So here we are with the 2014 holiday season fast approaching and already we have had both Battlefield: Hardline and Evolve slip into next year. It would really be a shame to see Grand Theft Auto 5 for next-gen slip to a 2015 release. Rest assured that if it does end up slipping into 2015, neither Microsoft or Sony will be happy about it.

In the meantime Rockstar is still saying Fall of 2014. None of the retailers we have spoken with as well as online retailers all seems to still be saying that it will release before the end of the year.

Courtesy-Fud

Tesla Motors Recruits Hackers For Security Challenge

August 28, 2014 by mphillips  
Filed under Around The Net

Electric carmaker Tesla Motors is searching for security researchers to hack its vehicles. The Silicon Valley based high-tech auto maker will hire up to 30 full-time hackers whose job will be to identify and resolve vulnerabilities in the sophisticated firmware that controls its cars.

“Our security team is focused on advancing technology to secure connected cars,” a company spokesman said via email. The focus is on “setting new standards for security and creating new capabilities for connected cars that don’t currently exist in the automotive industry. The positions are full time, and we will have internship opportunities as well.”

Tesla’s cars are among the most digitally connected vehicles in the industry with the battery, transmission, engine systems, climate control, door locks and entertainment systems remotely accessible via the Internet.

So the company has a lot at stake in ensuring that the connectivity that allows its vehicles to be remotely managed doesn’t also provide a gateway for malicious hackers.

Security researchers have already shown how malicious attackers can break into a car’s electronic control unit and take control of vital functions including navigation, braking and acceleration.

In 2013, two researchers at the Defense Advanced Research Projects Agency (DARPA) showed how they could take control of a vehicle through the controller area network (CAN) used by devices in a car to communicate with each other. The researchers showed how attackers could send different commands to a car and cause it to brake or accelerate suddenly or jerk its steering wheel in different directions.

In that study, the researchers needed physical access to the CAN bus to carry out the attack. However, researchers have noted that similar attacks can be carried out wirelessly by accessing the CAN bus through Bluetooth connections, compromised Android smartphones and vehicle tracking and navigation systems like OnStar.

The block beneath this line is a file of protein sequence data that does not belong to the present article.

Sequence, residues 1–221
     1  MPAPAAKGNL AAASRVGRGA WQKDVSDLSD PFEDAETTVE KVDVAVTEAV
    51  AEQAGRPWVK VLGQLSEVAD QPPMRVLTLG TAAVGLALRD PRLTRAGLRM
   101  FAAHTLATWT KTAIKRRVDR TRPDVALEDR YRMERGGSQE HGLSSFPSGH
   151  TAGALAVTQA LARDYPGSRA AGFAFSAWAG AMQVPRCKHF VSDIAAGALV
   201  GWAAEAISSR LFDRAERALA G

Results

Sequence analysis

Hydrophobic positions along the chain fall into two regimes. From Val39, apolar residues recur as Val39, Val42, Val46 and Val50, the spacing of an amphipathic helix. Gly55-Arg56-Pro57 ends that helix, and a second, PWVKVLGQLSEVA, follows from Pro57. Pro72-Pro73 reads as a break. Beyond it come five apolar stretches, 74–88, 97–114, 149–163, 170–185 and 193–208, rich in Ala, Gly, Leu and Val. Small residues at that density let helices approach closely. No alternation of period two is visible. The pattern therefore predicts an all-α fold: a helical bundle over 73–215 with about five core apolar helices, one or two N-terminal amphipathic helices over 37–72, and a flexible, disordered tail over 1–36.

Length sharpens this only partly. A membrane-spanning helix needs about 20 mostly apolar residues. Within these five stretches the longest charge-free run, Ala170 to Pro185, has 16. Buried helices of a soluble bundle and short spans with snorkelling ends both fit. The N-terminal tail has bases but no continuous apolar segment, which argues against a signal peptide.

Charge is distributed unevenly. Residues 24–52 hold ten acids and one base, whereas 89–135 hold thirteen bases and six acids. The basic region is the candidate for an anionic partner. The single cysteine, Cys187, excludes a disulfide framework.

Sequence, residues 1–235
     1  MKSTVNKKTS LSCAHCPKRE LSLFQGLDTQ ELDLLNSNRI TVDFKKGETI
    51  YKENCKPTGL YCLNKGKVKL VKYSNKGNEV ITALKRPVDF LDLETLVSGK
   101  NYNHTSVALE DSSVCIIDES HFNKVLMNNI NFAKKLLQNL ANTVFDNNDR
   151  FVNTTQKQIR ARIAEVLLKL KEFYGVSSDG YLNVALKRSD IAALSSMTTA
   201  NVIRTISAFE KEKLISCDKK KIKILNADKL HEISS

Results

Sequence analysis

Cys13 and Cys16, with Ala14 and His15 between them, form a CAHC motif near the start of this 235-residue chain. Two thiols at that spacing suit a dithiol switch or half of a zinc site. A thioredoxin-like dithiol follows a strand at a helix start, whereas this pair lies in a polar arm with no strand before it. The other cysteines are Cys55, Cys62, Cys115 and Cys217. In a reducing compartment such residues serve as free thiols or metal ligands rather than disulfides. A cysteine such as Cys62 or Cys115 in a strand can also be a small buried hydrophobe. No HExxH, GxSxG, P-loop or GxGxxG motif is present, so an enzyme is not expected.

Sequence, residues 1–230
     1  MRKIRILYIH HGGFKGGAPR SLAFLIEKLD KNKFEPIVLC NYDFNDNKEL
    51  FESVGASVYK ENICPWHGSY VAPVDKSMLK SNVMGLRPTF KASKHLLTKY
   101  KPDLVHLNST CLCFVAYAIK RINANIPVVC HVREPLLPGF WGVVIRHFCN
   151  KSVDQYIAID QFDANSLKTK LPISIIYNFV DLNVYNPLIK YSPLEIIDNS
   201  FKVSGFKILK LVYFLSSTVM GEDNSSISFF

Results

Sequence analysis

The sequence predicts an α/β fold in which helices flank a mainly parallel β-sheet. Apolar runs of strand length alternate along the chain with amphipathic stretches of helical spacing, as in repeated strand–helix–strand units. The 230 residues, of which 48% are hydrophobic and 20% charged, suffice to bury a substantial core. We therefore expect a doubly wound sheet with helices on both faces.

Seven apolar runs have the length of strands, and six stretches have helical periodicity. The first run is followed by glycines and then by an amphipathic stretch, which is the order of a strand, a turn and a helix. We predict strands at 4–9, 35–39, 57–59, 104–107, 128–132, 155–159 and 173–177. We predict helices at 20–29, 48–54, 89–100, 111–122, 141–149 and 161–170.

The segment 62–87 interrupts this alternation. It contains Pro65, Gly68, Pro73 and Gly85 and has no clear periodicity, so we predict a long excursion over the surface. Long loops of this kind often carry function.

Such concerns have begun gaining wider attention with the federal government’s plans to require all vehicle manufacturers in the U.S. to incorporate vehicle-to-vehicle (V2V) communications capabilities in all light vehicles over the next few years.

The goal is to have a standard in place that would allow vehicles to automatically exchange information, such as speed and location data, with each other, with a view to avoiding collisions.

Tesla has been among the most proactive carmakers in addressing potential security threats. It was the only automaker to attend the recent Def Con security conference in Las Vegas, where a security executive took the opportunity to promote the company’s responsible vulnerability reporting program and to recruit new team members.

 

 

Seagate Launches 8TB Hard-Drive

August 28, 2014 by Michael  
Filed under Computing

Seagate has become the first disk drive maker to ship an 8TB hard drive.

The 3.5in SATA3 hard drive is designed for data centers and servers with an eye to cloud content and backup disaster recovery storage. It comes with multi-disc RV tolerance to bolster performance.

“As our world becomes more mobile, the number of devices we use to create and consume data is driving an explosive growth in unstructured data. This places increased pressure on cloud builders to look for innovative ways to build cost-effective, high capacity storage for both private and cloud-based data centres,” said Seagate VP of marketing Scott Horn, citing the new drive as what the world has been waiting for.

The higher capacity, the company believes, will lead to lower maintenance bills and will reduce the watt per gigabyte ratio, while also offering a low cost price per gigabyte. It can also be used to maximise the amount of storage achievable in the minimum floor space, an important consideration in increasingly crowded server rooms.

This year has seen some major breakthroughs in hard drive capacity, with the announcement of the 10,000RPM HGST C10K1800 and the Optimus Max, the first 4TB SSD drive from Sandisk, as parity between the capacities and pricing of the two storage types begins to converge.

Earlier this year, QNAP adapted its hardware to accept the 6TB HGST Ultrastar He6, a drive filled with helium in order to enable increasing its capacity and performance.

Full specifications and pricing on Seagate’s 8TB hard drive are yet to be announced, but it will be shipping to selected customers immediately, with wider availability next quarter.

Courtesy-TheInq